Did Rand Paul kill conservative opposition to immigration reform?

While things look pretty good now, there is still plenty of time for a backlash

Published March 20, 2013 9:25PM (EDT)

Sen. Rand Paul                   (Jeff Malet, maletphoto.com)
Sen. Rand Paul (Jeff Malet, maletphoto.com)

Rand Paul has some sort of magic touch, according to TPM's Benjy Sarlin, as his immigration reform turnaround apparently convinced a roomful of the sort of Republicans who refer to immigrants as "animals" that allowing many of them to seek citizenship wouldn't necessarily be a horrible idea.

Earlier this year I told everyone to be skeptical that immigration reform would pass, and one of the reasons I cited was the I thought rather obvious fact that House Republicans didn't support it. Now Rand Paul nearly has me convinced it could pass the House with more Republican than Democratic support.

Paul's primary argument was to convince very conservative politicians that they could get away with supporting immigration reform, even though the president wants it and many conservative voters don't. The strategy is to just use different words, basically.

There was some confusion among the participants over whether Paul supported a path to citizenship (he did, just not by name), but Rep. Raul Labrador (R-ID), the leading tea party conservative working on a bipartisan immigration bill in the House, didn’t seem to ruffle any feathers when he said he supported a plan that would allow undocumented immigrants to eventually become citizens.

“We shouldn’t create a second class group that could never become citizens, but we should also not give them a special pathway that nobody can follow,” Labrador told the audience, adding that any bill also needed border enforcement triggers that would be met before reaching that point.

“I think many of us are willing to consider what Raul just descibed there,” Jordan, the former chair of the conservative Republican Study Committee, said.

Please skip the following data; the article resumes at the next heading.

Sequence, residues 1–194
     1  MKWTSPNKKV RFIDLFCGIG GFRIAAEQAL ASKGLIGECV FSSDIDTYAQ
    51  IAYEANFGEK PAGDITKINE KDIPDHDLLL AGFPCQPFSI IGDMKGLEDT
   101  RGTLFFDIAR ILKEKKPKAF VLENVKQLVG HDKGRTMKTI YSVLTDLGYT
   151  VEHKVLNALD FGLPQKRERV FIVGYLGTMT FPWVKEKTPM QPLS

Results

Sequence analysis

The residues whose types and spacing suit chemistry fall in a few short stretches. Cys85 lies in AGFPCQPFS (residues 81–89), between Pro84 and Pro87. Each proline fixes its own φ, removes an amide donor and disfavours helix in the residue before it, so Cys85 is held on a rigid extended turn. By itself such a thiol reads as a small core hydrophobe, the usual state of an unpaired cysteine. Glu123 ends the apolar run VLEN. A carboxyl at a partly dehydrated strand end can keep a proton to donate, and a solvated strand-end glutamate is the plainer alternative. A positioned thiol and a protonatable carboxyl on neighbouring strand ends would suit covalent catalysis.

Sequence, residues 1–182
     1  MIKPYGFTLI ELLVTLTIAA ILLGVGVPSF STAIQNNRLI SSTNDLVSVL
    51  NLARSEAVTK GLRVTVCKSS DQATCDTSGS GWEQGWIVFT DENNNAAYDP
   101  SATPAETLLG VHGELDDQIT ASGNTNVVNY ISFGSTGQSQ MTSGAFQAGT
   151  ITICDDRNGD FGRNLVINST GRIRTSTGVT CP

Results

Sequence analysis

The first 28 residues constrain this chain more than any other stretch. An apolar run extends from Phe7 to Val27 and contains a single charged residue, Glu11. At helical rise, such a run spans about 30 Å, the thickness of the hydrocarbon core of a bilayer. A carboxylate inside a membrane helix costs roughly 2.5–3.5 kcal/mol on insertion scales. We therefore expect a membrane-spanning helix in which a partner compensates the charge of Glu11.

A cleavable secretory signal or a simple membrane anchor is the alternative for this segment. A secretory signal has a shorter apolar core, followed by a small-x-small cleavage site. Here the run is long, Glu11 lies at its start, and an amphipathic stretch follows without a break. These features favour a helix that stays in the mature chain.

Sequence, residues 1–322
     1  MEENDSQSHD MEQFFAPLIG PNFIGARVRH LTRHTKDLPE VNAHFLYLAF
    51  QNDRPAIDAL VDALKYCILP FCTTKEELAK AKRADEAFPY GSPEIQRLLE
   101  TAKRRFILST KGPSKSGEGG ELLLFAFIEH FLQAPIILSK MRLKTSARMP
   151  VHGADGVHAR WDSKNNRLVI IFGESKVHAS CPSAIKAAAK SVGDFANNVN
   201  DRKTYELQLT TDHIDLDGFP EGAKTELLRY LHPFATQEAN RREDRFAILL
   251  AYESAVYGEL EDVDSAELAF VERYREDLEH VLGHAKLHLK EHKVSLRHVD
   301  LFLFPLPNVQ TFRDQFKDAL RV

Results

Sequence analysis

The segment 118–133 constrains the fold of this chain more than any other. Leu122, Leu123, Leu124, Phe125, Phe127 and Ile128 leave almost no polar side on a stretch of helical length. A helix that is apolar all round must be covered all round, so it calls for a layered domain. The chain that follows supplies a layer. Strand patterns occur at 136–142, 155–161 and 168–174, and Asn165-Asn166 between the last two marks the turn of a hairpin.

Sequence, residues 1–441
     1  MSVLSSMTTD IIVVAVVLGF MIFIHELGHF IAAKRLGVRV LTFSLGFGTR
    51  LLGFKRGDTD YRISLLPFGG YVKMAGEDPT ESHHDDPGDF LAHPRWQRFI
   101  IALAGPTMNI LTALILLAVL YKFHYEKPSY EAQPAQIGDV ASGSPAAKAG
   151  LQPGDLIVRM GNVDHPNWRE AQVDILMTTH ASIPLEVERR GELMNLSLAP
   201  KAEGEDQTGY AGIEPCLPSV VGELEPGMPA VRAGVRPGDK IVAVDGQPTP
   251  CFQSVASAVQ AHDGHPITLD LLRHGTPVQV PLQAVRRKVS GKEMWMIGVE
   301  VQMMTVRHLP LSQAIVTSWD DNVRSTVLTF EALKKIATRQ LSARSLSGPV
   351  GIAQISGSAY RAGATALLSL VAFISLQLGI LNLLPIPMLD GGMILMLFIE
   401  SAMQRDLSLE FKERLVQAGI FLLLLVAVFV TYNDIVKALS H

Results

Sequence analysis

It is basically amazing to hear people like Rep. Jim Jordan saying that. Rand Paul getting these guys to even consider a path to citizenship (under the condition that we not call it that) is not something I would've predicted.

What these ultra-conservative members of Congress are doing is testing the water. They are cautiously expressing openness to immigration reform to see how loud and virulent the reaction will be, from their constituents and the right-wing organizations and interest groups that support them. Elite Republicans have always supported immigration reform. The problem, when Bush tried it, was that the activist base, as opposed to the donor base, really hates immigrants. Now we see if that's still true.

While I'm impressed, I'm still not entirely convinced reform is going to happen this year. These right-wing members could still easily get spooked and turn against any meaningful reform proposal. Iowa's Rep. Steve King -- prominent conservative and 2014 Senate candidate -- is loudly and vocally not on board.

The deal could still easily fall apart in the Senate, where most major legislation goes to die. Six conservative senators, including Ted Cruz, signed a letter to Patrick Leahy politely asking that the immigration debate in the Senate take a long time -- preferably a few years -- and diva senators like Lindsey Graham love to latch on to those sorts of arguments when they bail on legislative negotiations. If Reid is "moving too quickly," or not allowing Republicans to screw with the bill in various ways, a bunch of senators will have excuses to jump ship if they get spooked.

And then there's the conservative media. Michelle Malkin loved Rand Paul's filibuster. She hates "amnesty." So far, as far as I can tell, she just hasn't mentioned his recent immigration conversion. The National Review's Mark Krikorian has, though, and he doesn't care for it. Mickey Kaus is basically begging conservatives to come out against any reform, promising that the major Republican who does so will become the Next Reagan. Erick Erickson is pretending Rand Paul isn't calling for a path to citizenship (see? the "use different words" approach works!). But now it's sort of inescapable that Paul is not just endorsing citizenship, he's weakening conservative opposition to it. In other words, now is exactly the time when the anti-immigration right-wing press will begin to get louder and more hysterical.

Right now Rand Paul's popularity and star power is the best reason to be hopeful that conservatives will actually allow immigration reform to happen. But lots of observers didn't foresee the scope and severity of the conservative backlash in 2007. As a rule I usually figure the loudest and angriest people will win any given argument on the right.

By Alex Pareene

Alex Pareene writes about politics for Salon and is the author of "The Rude Guide to Mitt." Email him at apareene@salon.com and follow him on Twitter @pareene

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Immigration Immigration Reform Politics Rand Paul Steve King